hey steve, i was just thinking that comparing to in terms of web hits or advertising or whatnot doesn't seem to be the point because the real issue in this story was the amount of money spent on other things from the interactive team, such as i think it's clear from the story that despite all the economic forces (and amy does point out that those exist) if the company had just stuck with making its existing brand websites really great it would have been in better shape than it is now. you can say hindsight is 20/20 but that's a pretty undeniable/uncontroversial statement, and then the question becomes how did we get here, and that's the tale she tells. that's what I got from this story, anyway. said...

For length, I have to split this into two posts. I trust my treatise will be worth the read:

Not dismissing the newsroom side of this, but I saw this article much differently. GMG went about the new ventures entirely the wrong way, spent far more than they had to, and had people who didn't deliver as promised (Rob Curley, Michael Carr, etc).

Before I'm seen simply as spouting off, my credentials are: 1. Running a profitable (and at times very profitable) internet tourism venture since 1997 and 2. Long time acquaintances with staff and air talent of a tourism TV network that covers and is broadcast (over-the-air) in six popular destinations including Atlanta and New Orleans.


Per RJ vs Sun web traffic, that is hard to find out. However... of interest is that The Sun evidently was participating with third party web traffic service Quantcast and apparently opted out:

That is very fishy. Quantcast doesn't lie, and they only reason you'd opt out (in my view) is if you have something to hide. (Ours is at and under-reports because we don't track our co-branded sites for tickets and more). will let you compare sites (although their sampling method isn't that great) and the RJ and Sun sites seem to run pretty much neck-and-neck:
and use the Compare box under the graph by entering


Curley seemed to go nuts with the budget. Fixed the place up like romper room, hired former cronies. You don't need video games to get people excited about working on Las Vegas projects. Are you kidding me? People beg to be involved in this stuff both because it looks good on their resume and the VIP status GMG employees enjoy on various levels.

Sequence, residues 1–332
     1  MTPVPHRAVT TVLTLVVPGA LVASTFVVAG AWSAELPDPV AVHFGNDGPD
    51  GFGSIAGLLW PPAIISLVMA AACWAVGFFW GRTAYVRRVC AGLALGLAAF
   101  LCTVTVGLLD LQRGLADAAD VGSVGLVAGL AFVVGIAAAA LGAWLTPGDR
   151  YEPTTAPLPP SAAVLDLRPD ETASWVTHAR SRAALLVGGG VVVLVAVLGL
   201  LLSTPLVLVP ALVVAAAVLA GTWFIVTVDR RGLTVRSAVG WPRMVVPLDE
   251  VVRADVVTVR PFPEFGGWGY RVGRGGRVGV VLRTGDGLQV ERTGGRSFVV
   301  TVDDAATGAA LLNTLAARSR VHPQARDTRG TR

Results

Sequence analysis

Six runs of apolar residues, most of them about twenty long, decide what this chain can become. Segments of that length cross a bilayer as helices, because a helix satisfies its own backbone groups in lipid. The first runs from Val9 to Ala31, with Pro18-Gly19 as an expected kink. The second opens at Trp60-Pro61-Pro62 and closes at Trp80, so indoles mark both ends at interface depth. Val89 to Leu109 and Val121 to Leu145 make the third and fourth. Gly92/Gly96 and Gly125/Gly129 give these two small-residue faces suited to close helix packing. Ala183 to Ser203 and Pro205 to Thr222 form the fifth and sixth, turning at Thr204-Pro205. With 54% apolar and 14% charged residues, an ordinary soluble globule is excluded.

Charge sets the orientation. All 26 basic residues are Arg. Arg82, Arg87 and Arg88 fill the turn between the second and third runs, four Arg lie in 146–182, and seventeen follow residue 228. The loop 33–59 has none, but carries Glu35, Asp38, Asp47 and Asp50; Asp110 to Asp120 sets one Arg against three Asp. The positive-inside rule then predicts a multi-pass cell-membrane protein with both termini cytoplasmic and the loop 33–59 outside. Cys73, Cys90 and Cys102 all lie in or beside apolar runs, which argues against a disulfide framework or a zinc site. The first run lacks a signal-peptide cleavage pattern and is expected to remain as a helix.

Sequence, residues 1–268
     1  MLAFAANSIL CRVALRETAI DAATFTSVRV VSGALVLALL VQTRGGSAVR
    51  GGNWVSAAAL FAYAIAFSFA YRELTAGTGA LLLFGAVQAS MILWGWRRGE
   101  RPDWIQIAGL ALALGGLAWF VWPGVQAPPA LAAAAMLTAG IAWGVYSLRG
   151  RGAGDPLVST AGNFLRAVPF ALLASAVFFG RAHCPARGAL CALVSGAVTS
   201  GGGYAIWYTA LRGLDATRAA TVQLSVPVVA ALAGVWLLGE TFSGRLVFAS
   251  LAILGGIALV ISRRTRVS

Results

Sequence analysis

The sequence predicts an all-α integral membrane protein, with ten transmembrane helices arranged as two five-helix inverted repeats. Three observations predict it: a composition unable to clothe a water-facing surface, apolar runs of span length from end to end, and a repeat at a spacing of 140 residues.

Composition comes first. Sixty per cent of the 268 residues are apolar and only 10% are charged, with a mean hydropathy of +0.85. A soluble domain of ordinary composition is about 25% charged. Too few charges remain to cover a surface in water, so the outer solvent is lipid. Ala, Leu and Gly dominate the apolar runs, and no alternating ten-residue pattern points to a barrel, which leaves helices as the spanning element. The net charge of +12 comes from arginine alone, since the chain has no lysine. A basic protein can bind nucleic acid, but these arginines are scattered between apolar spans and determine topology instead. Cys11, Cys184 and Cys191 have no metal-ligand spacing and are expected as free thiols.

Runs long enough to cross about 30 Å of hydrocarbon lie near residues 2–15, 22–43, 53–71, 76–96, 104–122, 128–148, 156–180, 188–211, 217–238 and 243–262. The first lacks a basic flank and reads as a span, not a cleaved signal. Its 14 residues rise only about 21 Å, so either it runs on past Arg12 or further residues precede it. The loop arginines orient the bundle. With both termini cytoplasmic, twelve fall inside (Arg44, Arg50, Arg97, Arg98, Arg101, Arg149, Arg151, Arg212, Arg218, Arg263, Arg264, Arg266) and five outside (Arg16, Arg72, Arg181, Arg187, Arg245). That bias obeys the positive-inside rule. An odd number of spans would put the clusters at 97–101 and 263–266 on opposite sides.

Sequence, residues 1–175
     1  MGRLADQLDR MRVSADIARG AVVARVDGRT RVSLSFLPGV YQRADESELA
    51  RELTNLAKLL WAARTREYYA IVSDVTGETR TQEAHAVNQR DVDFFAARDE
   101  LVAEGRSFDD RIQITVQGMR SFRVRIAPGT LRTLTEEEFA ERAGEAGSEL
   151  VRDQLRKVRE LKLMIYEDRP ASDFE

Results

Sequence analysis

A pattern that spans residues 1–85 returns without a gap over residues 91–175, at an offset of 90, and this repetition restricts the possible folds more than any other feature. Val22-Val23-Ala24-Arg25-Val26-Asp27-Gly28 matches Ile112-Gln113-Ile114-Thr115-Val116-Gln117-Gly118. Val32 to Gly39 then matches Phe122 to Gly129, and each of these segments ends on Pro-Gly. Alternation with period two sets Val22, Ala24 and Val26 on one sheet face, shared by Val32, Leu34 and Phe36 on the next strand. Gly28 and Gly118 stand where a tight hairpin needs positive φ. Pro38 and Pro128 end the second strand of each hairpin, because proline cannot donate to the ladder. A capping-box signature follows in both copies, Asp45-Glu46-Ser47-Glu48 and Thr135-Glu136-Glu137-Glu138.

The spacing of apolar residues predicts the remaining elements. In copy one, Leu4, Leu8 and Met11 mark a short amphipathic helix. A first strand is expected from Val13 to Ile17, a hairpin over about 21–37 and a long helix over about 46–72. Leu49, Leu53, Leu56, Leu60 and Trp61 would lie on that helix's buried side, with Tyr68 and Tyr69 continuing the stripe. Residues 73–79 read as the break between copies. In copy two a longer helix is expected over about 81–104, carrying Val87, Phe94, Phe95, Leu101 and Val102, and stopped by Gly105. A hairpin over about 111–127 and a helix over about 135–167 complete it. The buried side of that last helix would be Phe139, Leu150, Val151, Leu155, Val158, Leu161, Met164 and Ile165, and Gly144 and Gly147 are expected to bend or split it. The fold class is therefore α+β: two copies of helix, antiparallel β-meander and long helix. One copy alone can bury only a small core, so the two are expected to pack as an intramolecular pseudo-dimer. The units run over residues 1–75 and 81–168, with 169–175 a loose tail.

Plus... I bet Steve will admit that doing journalism and new media here is a lot more fun than doing it somewhere else. I know that wouldn't move from Las Vegas for double what I make now. You may have to pamper new media employees in D.C. But not here. said...

Curley was tasked with doing the impossible: Making a web news site profitable. I'll cut him some slack there. The question is... once he started to see the writing on the wall, was a misstating the numbers just to save face? To keep his cronies in jobs?

No question they went way to heavy into streaming video and if I recall, many of those jobs were cut months and months ago.

--------------------------- was a bad move and I don't say that as Monday morning quarterback. Somehow they have overestimated the celeb/Vegas appeal. Yes... people around the world are curious when an interesting celeb situation happens here. BUT... you can't make a nightly newscast out of Vegas fluff (whether advertorial or not).

The public has a limit to how much info they want tossed at them. I found that out when I expanded my newsletter to twice-weekly for a while 5 years ago. Too much.

Here's the direction that should have been taken, and why I'm in shock that they didn't: Las Vegas One should have been turned into as a 24/7 tourism information channel. Like those that run in other destinations. The same pieces (many of which are evergreen) run over and over with a little bit of new content added each week.

You can do these things with a bare-bones staff. Literally one full-time videographer/editor, one full-time air talent who does research and writing, and a handful of cheap but good, eager freelance air talents brought in for various pieces. I won't go further into the mechanics or why Channel 19 would be successful at the above because I'm not here to give GMG (or anyone else) a free business plan. But the model works successfully (done properly) all over the nation.


I have no disagreement that the Greenspuns are to be lauded for doing all they have done out-of-pocket. Shame for them (although I'm not crying any tears) that their goals with the Sun website and could have been accomplished at a fraction of the cost. And... when you keep costs low, you make money. Somehow they (as a company) seem to think that every venture they get into requires millions to get rolling. They think wrong. And that led to the downfall.